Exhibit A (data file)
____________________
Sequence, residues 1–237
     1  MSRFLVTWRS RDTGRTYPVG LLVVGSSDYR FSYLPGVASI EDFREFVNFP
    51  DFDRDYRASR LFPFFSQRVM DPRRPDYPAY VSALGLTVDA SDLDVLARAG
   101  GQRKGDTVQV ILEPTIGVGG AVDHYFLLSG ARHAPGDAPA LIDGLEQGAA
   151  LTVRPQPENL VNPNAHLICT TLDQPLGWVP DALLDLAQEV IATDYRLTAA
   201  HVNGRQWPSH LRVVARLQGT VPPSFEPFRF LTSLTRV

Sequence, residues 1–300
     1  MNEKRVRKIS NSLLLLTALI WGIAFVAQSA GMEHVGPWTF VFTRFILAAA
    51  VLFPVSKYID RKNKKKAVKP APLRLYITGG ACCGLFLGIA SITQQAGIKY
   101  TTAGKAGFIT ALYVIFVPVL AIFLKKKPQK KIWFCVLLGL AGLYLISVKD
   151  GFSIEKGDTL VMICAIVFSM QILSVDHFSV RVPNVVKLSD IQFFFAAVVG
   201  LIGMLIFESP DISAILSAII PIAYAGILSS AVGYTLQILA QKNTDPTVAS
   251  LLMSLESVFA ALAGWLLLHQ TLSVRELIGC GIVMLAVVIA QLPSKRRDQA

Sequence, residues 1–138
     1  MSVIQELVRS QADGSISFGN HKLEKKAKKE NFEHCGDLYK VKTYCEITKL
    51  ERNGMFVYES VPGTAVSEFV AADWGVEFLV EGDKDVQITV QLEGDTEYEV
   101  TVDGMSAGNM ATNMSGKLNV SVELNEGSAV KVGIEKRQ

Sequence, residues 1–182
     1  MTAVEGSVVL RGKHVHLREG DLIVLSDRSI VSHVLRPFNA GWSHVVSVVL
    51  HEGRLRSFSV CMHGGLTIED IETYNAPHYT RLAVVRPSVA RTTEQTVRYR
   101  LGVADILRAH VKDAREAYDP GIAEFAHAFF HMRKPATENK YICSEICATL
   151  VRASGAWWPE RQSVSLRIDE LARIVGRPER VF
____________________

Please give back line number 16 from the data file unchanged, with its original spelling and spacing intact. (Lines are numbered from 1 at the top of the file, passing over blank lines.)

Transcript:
    51  ERNGMFVYES VPGTAVSEFV AADWGVEFLV EGDKDVQITV QLEGDTEYEV